There probably millions of Californians who will be wondering when they’ll be evicted, or how they’re going to support their families, or just feeling generally screwed over. Yeah, they always voted yellow dog Democrat before… but they were *rich* before, and they could tolerate the socialists who took over their government.

            “Money” consists of credit and debt. The State of California as a polity, is just about out of credit. So are too many of its individual and corporate citizens. And the Fed isn’t going to swoop in and bail them out; too many other polities are going to be screaming for their cut… and the Fed doesn’t have that kind of money either. It already voted itself a crippling increase in the national debt that’s going to bite the whole country hard.

            All you have to do is point out, “these idiots are why you hurt, vote for our guys and get a chicken with every sparklepony!”

            Of course, the Republican Party’s general incompetence could still screw that up…

            1. What would shift the balance is discovering that the CALPERS pension funds, largely invested in China… are now imaginary money, since the Chinese assets they’re invested in mostly don’t actually exist. What happens when China’s economy contracts to where it can no longer support the illusion?

              Agreed the GOP is really bad at taking advantage of Democrat screw-ups.

            2. It’s all going to come down to which side can blame the other the loudest — and the Democrats have the advantages of long experience and no shame at all.

    3. My shipyard has been requiring masks for a couple of weeks now. Today they announced that they’ll start temperature checks when coming in in the morning. I’m tempted to take my mask off once they’ve read my temperature.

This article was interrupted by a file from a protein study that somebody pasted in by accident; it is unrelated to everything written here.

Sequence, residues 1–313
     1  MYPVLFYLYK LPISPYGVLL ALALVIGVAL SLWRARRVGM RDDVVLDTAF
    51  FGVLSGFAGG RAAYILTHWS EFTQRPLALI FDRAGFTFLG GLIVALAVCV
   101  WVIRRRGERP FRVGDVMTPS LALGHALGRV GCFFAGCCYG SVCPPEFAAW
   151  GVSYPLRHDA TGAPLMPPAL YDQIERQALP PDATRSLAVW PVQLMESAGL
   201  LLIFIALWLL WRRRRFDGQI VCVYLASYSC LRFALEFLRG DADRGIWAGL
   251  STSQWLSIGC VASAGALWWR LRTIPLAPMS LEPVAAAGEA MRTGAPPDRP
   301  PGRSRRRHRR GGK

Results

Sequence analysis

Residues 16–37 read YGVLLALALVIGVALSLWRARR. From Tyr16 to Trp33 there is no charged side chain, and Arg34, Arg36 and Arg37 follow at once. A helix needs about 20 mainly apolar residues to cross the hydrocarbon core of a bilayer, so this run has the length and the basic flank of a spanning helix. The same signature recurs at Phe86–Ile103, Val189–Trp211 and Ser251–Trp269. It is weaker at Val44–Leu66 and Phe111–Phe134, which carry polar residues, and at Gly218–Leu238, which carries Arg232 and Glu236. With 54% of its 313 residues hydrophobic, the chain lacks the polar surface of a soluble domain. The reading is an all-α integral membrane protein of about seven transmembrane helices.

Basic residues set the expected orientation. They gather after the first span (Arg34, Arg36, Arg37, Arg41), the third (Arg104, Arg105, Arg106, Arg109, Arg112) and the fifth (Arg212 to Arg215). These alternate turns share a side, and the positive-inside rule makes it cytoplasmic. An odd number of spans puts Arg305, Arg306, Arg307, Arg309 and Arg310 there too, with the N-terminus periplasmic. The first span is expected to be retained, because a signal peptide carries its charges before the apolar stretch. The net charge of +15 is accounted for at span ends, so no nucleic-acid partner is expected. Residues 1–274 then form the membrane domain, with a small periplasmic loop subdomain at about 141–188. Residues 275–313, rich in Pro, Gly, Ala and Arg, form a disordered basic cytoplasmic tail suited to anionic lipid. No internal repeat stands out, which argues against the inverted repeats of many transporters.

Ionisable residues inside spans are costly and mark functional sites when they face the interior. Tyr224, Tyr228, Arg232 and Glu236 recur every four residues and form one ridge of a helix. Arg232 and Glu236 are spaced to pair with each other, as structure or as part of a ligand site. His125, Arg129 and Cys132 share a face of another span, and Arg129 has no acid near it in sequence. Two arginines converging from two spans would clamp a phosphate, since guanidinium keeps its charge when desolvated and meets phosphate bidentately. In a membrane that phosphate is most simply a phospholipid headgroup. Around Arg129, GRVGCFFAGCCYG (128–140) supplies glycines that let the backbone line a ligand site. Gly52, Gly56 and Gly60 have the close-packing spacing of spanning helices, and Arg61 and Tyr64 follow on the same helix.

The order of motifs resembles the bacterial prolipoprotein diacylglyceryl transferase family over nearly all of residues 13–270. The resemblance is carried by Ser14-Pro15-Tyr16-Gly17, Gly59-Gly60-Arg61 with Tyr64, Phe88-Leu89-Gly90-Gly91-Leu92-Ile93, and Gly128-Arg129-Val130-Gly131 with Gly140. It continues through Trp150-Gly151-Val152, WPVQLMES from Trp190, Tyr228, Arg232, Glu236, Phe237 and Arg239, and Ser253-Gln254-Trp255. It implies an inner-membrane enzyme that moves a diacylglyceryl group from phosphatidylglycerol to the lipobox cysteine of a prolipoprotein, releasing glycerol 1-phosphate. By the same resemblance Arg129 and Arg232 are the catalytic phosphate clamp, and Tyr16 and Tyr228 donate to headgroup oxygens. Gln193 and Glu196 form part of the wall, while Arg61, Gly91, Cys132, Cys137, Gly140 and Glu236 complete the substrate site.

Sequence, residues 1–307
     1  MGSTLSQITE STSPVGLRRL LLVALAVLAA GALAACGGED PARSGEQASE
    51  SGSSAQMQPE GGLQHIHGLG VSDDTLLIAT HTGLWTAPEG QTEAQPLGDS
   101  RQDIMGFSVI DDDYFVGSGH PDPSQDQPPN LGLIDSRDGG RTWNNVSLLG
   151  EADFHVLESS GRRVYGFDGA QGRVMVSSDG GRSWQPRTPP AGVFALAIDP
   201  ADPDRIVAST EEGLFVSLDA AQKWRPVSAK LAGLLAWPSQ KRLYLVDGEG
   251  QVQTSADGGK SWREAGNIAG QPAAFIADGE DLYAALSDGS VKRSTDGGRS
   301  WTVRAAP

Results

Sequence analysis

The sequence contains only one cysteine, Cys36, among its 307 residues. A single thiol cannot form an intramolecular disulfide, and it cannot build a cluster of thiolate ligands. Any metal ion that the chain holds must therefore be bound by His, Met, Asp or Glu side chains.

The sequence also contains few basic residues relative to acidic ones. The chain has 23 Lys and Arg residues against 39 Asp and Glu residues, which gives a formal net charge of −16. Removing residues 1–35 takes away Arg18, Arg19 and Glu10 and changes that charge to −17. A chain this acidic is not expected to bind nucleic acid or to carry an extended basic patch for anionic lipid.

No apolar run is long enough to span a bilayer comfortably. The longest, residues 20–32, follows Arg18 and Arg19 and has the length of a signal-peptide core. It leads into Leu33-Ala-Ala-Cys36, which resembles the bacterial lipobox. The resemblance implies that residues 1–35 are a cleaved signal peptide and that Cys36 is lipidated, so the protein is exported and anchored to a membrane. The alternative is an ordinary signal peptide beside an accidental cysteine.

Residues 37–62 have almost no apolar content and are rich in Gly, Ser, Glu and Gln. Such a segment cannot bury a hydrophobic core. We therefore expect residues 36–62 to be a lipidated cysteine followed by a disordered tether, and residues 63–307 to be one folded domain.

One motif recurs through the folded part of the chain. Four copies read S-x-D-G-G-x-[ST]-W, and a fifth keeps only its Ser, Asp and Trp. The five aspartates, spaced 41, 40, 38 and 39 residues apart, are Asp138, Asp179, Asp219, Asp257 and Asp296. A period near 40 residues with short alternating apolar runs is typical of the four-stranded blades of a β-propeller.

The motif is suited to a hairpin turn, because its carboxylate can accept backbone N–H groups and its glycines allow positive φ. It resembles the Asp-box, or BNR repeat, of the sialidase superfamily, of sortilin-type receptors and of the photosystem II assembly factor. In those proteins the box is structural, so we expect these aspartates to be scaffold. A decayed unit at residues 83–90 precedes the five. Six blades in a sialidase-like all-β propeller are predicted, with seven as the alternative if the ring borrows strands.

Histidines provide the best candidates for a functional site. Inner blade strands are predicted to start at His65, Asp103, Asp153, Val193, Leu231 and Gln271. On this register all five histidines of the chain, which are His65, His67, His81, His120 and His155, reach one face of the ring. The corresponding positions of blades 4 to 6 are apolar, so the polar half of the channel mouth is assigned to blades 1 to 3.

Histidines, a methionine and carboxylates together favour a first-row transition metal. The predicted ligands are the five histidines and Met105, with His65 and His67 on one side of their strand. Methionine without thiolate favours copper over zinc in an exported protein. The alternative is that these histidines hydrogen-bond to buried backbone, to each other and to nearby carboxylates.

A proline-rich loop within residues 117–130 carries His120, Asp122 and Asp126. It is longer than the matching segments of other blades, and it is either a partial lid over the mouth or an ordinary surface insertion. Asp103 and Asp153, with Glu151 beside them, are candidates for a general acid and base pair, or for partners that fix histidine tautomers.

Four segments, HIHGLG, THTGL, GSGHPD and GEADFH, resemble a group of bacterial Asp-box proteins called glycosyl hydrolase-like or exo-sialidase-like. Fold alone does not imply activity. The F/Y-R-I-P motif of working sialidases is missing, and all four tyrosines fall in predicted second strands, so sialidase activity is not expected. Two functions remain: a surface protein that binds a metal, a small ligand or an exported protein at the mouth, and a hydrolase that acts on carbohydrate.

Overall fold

“You need to wear a mask.”

      “Why? I did my self-assessment and I don’t have a fever.”

      “But you might be asymptomatic and spreading it.”

      “Then why are we doing self-assessments and taking temperatures?”

      As I told the Commander when he made the mistake of calling me a smartass during a one-way conversation, “Sir, I’ve always been a smartass and I’ve never denied it.”

      1. the Commander … made the mistake of calling me a smartass …

        He prefers dumbasses?

        1. Apparently there’s a happy medium between the two. I’ve never been there myself.

      2. If I am asymptomatic, how am I supposed to be spreading it, wishful thinking? Am I breathing on them when they get too close? What is the mechanism?

        For that matter, how did I get it when I have been shut up in my house for nearly six weeks?

        Questions. Questions that need answering.

        1. “What is the mechanism?”

          Well, my dad’s favorite “one size fits all” explanation was “osmosis”…… except he wasn’t serious, or trying to run other people’s lives. Their explanation seems to involve it though.